Global Health:

Factors Contributing to Low Vaccination Rates in Developing Countries

NSIAD-00-4: Published: Oct 15, 1999. Publicly Released: Oct 19, 1999.

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Benjamin F. Nelson
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Office of Public Affairs
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Pursuant to a congressional request, GAO examined some of the key issues involving vaccine availability for children in developing countries, focusing on the: (1) locations where shortfalls in immunization coverage are most prevalent; and (2) factors that impede vaccine availability in these locations.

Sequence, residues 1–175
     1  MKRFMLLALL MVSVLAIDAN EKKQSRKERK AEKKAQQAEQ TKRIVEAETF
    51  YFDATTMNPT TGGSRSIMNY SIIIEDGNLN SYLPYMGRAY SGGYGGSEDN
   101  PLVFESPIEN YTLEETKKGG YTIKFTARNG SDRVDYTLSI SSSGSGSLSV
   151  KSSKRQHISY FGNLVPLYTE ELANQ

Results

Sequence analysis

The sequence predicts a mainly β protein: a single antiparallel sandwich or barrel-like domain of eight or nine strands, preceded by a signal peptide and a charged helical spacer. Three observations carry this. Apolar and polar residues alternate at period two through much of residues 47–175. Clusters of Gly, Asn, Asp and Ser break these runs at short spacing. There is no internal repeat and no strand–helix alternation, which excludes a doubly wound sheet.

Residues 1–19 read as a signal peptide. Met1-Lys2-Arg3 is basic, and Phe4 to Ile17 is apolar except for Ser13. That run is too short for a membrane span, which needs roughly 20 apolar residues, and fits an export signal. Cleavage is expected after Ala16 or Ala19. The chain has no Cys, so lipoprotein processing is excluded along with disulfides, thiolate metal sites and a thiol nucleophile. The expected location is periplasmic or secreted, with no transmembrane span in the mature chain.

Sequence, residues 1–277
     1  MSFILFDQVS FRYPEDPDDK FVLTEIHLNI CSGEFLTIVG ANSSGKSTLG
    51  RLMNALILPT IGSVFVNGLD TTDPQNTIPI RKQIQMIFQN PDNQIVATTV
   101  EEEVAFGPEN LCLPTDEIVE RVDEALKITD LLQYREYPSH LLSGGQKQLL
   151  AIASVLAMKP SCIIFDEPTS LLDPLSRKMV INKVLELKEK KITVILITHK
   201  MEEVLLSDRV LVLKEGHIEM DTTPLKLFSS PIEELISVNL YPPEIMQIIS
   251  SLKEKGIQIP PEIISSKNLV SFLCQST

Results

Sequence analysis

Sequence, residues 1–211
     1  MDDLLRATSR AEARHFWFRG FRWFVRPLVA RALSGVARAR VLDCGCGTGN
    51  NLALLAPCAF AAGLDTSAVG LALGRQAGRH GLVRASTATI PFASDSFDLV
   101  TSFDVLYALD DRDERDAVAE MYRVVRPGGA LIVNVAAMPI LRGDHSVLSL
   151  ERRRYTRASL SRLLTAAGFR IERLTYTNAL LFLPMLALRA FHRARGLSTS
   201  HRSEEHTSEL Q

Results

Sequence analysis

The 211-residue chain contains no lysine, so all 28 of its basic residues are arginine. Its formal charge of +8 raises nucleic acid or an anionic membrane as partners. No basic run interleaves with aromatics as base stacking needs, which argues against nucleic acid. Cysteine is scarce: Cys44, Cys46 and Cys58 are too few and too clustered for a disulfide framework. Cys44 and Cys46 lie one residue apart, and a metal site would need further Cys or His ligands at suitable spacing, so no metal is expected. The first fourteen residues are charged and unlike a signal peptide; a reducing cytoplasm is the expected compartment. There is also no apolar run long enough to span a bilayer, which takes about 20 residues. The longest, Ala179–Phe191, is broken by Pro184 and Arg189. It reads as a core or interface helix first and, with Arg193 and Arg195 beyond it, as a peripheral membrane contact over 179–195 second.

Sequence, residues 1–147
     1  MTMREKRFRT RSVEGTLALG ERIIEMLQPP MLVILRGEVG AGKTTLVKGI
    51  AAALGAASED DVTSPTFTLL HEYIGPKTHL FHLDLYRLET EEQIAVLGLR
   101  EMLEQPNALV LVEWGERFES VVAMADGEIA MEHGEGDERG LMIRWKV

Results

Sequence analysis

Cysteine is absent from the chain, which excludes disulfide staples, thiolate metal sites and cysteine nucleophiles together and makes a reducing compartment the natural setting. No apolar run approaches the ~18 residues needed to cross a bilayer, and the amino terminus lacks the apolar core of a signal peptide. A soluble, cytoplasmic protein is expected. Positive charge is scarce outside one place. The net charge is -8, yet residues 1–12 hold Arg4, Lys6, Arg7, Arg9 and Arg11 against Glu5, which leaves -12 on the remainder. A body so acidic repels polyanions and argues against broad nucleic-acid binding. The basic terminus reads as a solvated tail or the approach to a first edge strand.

GAO noted that: (1) while global immunization coverage for six diseases originally targeted by the World Health Organization (WHO) has improved significantly since the mid-1970s, coverage rates are low for children living in the poorest countries, particularly in urban slums and remote rural areas; (2) WHO data indicate that the poorest countries of the world have vaccination rates that are about 26 percent below the global average of 82 percent; (3) in fact, immunization coverage in some countries in sub-Saharan Africa has declined over the last decade; (4) some countries in this region reported in 1997 that they immunized less than a third of their children against the six diseases targeted by WHO; (5) many of the children who are not immunized live in countries that have experienced internal conflict in recent years; (6) although the level of coverage varies, few children in developing countries have access to the newer vaccines that have been added more recently to WHO's list of recommended vaccines; (7) several interrelated factors that poor countries have difficulty overcoming have limited the availability of vaccines for children in the developing world, including: (a) inadequate health infrastructure; (b) the relatively higher cost of vaccines recently recommended by WHO; (c) insufficient information on disease burden and vaccine efficacy; and (d) changing priorities of international donors; and (8) in the 1990s, the United Nations Children's Fund and the U.S. Agency for International Development have begun to reduce their level of support for immunization.

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